A Policeman with Alcoholism and His Rights Under the Law
An interesting test of whether a policeman’s rights were violated when he was fired for driving drunk in an unmarked police car while off-duty is currently taking place in Oregon. As the San Francisco Chronicle explains, Jason Servo is suing well, a bunch of people, saying that his rights were violated because he suffers from alcoholism. He has also been stripped of his police certification and says he was denied due process as well.
I’m not sure how many people know that alcoholism is considered a disability under the Americans with Disabilities Act. I sure didn’t before I started researching this case. (It took me awhile in 2008 to let it sink in that thanks to the Mental Health Parity and Addiction Equity Act, treatment for substance abuse must now be covered in group healthcare plans at a level equal to medical and surgical benefits.)
But back to the case. Servo pleaded guilty and entered a treatment program after the January accident. (He and his car ended up in a ditch.) One of his lawyers said the police department should have worked with Servo because he has a disease and should not have fired him, and the lawsuit alleges that the firing was due to budget cuts. The Chronicle article notes that “The U.S. Equal Employment Opportunity Commission … provides an example of how an alcoholic can justly be fired, and it’s similar to the Servo case.
In its example, a federal police officer is involved in an accident for which he is charged with drunken driving. About a month later, he gets a termination notice stating that his conduct makes it inappropriate for him to continue. The officer says the arrest made him realize he is an alcoholic and that he is obtaining treatment. According to the EEOC, the employer may proceed with the firing.”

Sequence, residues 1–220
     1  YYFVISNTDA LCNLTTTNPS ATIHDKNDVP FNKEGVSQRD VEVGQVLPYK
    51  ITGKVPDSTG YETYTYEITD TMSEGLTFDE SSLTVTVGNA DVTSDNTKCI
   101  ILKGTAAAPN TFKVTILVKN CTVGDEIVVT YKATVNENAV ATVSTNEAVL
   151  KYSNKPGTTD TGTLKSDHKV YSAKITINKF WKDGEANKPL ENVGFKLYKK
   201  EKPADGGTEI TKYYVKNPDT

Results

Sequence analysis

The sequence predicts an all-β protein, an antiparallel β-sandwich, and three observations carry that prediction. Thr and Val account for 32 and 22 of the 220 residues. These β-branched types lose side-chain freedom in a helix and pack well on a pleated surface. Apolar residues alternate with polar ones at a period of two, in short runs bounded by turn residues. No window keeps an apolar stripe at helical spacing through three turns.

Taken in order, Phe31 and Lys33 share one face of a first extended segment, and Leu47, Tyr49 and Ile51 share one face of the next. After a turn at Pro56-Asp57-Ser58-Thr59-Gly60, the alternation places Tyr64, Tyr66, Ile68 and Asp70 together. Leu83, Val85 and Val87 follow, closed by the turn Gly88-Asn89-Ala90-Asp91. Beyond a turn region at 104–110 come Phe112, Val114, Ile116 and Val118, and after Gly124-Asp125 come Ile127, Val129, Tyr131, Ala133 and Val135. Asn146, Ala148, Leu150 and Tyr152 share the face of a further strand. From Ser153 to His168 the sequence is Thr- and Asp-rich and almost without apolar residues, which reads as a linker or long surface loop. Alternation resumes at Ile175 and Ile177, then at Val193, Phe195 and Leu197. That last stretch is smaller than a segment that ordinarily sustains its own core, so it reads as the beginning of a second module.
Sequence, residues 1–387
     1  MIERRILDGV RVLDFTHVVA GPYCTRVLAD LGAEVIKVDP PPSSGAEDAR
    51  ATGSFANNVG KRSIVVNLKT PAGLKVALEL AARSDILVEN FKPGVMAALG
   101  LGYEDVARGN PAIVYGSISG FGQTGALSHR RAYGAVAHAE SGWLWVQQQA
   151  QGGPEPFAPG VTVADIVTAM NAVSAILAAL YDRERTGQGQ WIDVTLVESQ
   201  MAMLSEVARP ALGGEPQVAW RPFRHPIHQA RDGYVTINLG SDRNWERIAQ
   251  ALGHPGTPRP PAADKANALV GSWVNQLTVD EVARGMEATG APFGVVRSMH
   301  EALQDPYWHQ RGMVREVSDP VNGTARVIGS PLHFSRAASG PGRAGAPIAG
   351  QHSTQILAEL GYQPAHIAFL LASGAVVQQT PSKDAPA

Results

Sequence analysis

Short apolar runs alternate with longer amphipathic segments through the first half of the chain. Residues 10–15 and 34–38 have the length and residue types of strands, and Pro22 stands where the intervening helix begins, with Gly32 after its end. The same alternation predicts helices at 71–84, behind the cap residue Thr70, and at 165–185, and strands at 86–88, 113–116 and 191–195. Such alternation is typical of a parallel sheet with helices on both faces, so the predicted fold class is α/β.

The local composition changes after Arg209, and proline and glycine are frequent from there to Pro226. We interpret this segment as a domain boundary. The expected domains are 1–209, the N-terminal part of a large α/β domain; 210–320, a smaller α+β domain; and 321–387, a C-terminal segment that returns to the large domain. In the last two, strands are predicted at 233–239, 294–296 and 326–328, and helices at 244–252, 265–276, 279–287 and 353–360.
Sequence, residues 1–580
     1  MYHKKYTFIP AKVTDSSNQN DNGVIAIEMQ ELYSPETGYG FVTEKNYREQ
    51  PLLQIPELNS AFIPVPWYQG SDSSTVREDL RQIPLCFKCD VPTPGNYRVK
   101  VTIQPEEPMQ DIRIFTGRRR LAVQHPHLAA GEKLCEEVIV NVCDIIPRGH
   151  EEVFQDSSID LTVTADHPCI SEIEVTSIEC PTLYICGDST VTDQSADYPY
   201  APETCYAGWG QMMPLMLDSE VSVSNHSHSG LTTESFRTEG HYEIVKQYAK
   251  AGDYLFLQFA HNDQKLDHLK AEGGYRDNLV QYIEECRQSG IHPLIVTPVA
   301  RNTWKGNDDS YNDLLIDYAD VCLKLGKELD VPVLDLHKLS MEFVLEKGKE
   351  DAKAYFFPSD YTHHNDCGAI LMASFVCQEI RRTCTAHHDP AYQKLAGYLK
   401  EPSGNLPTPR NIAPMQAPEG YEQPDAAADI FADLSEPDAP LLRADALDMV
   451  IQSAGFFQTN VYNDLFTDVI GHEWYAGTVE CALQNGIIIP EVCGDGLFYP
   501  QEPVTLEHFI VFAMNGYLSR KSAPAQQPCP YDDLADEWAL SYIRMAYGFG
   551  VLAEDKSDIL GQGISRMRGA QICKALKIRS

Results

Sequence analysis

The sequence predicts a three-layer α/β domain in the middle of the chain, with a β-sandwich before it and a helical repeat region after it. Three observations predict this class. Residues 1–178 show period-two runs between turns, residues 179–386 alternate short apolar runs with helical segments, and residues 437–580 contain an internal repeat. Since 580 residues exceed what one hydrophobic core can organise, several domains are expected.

There’s a difference, however. The police officer in the example was on duty and Servo wasn’t.
This reminds me of the time a colleague I was working with at a high-tech company told me that another worker actually kept a bottle of vodka in a drawer and was constantly taking sips. I believe he was given the option of attending a program. I think the woman who told me was the man’s officemate, but after so many years it’s hard to remember. If it was true, that was a pretty progressive company, because there was no legislation like we have today to support that worker.
The Christian Science Monitor, in printing the same Associated Press article, asks, in the headline about the case: Can he win? I’d love to hear from some legal analysts what his chances are, and I’d like to read what addiction specialists think. And then you wonder: Are police officers held to a higher standard in some cases because they’re charged with protecting the public?
One thing is for sure—this is another story that highlights alcoholism and the workplace and gets people talking about it. That’s one way to make progress.